News & Blog

Welcome to the blog.
Posted 7/28/2011 2:35pm by Vicki Phillips.

Brimming with bounty

With summer at full tilt and the Chatfield gardens likewise, our veggie bags runneth over. This week’s distribution included the usual salad mix, a variety of greens and herbs … plus beans, cauliflower, cukes, carrots and an onion. In addition, we received an array of potential roasters: purple potatoes, beets, pattypan squash, peppers, turnips and eggplant.

Three nights this week are dinners out, plus there’s still leftover Thai lamb curry and a bit of leftover pesto in my fridge. My only plans so far are cucumber soup (great summertime fare); Rachael Ray’s sausage, greens and lentil soup (to freeze for cooler temps); and another Thai dish using the beans, peppers, onion and some of the herbs.

I find I’m not doing as much night-by-night planning as I did at the beginning of the CSA experience. It’s tedious to keep up such a high degree of specificity. Besides, I tell myself, whim is good.

Instead, I bring home the vegetables and spend about an hour washing, green-bagging and labeling everything. By spending time together, we – me and the produce, that is – get to know each other, as weird as that sounds. My mind starts to think of all the possibilities. I find that "becoming friends" like this mitigates the anxiety of having a fridge full of stuff and no ideas for what to do with it.

Simply herbed

Last week I made a yummy lemon drop martini using simple syrup infused with lemon balm, one of the CSA’s specialty herbs. This week’s lime basil, with its equally luscious scent, invites me to go the infusion route again.

Simple syrup is useful to keep on hand in the fridge not only for the occasional decadent cocktail but also for lemonade, and infusing the syrup with herbs makes it really special. Just simmer 1 cup of sugar in 1 cup of water until the sugar dissolves, then add the herb and let it sit. I’ve done this with basil, tarragon, mint and now lemon balm. Lime basil is next up.

Basil tip

I was glad to receive CSA manager Leigh Rovegno’s suggestion for basil pesto: make a big batch of pesto without nuts or parmesan, freeze in ice-cube trays, then thaw just before serving and add nuts and parmesan. Although my mother was Italian, she never made pesto and I suspect she never even had it growing up. Pesto originates from the northwest of Italy in the coastal region along the Ligurian Sea, whereas my mother’s family came from the southern regions of Campagna and Puglia.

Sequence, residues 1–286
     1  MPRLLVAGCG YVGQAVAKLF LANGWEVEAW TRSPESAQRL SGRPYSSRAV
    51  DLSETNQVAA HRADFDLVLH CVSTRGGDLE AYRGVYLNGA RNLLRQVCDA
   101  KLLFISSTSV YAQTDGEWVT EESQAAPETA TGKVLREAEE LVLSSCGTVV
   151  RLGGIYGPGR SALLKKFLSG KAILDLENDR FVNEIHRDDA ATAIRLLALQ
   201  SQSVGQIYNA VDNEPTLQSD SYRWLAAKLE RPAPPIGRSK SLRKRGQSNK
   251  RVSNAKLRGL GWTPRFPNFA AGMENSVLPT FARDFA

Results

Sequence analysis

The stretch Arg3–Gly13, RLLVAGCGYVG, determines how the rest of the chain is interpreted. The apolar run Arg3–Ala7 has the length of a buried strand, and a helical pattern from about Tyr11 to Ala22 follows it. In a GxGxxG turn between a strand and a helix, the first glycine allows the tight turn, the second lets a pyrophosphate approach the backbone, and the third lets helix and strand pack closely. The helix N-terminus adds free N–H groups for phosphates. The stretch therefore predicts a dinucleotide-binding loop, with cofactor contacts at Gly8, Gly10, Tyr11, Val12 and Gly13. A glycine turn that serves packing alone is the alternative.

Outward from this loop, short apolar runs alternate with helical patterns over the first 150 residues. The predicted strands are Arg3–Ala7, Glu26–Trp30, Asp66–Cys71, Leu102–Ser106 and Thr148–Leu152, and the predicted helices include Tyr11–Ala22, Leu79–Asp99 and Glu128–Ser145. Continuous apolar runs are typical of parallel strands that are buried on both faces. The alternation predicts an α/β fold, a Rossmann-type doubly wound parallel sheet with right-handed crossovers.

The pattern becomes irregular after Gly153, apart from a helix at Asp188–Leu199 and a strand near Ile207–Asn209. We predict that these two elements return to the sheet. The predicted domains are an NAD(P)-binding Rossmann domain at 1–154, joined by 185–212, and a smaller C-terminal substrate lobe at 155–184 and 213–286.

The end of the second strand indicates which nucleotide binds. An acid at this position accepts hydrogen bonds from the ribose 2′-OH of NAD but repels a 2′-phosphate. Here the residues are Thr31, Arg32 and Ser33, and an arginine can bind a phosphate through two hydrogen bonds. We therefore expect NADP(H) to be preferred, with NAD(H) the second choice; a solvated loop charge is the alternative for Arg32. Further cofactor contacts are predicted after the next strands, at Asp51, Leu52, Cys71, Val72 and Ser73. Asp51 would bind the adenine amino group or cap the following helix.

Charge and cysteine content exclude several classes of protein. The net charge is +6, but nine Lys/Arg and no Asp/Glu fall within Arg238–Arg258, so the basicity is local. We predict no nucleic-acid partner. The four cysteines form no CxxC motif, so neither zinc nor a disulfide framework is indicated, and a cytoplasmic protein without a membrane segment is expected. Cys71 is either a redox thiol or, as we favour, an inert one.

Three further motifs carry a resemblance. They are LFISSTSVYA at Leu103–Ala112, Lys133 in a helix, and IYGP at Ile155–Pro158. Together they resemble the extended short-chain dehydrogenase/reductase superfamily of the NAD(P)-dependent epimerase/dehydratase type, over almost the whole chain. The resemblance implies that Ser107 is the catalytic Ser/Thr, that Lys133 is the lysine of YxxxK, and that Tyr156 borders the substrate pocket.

But pesto is one of those flavor-packed recipes that everyone seems to love, and we CSA shareholders do have an abundance of basil to use up, so pesto is a natural. I just saw on the web that pesto makes a great lasagna, substituting pesto for red sauce in a typical lasagna recipe. Will definitely try this.

 

Posted 7/26/2011 11:27am by Vicki Phillips.

Cooler full of veggies

While at my son and daughter-in-law’s house in Lincoln last weekend, we made full use of our road-trip veggies. The vegetables had been washed and green-bagged, then gingerly packed in coolers with ice bags. Everything kept well for the long journey to Keith and Amber’s.

Upon arrival, all us foodies swung into action unpacking, planning, chopping and cooking. We grilled steak and had a salad of mixed greens, arugula, beets and goat cheese. For breakfast one day we made good use of the basil for a pesto omelet. And for the finale we made an elaborate Thai dinner using the Napa cabbage, carrots, jalapeno, bell pepper and Thai basil.

Salad days

This week it’s too hot to cook much, so simplicity is key. So far this week I’ve made good use of our distribution dining on braised kale and beet greens; salads with the mixed greens, arugula and our little cutie-pie cucumber and carrots; a pasta salad with salmon, dill and green beans; and cauliflower gratin following Ina Garten’s winner-every-time recipe.

Besides some salad fixings, the main things I have left to use up this weekend are potatoes, beets and cabbage. That sounds Eastern European to me, another favorite cuisine of mine, so I’ll probably head in that direction for ideas. Those Thai recipes are also beckoning. Perhaps a bit too much cooking for the heat; thank goodness for A/C.

Luscious lemon balm

We received a new herb this week, lemon balm, which has a scent so delicious and intoxicating I may just keep in on hand to smell every now and then. Apparently it has a calming effect and has been used since the Middle Ages for insomnia and anxiety.

A member of the mint family, lemon balm can be found in lots of recipes for tea and lemonade. I may make a lemon-drop martini with it, infusing simple syrup with this delectable herb.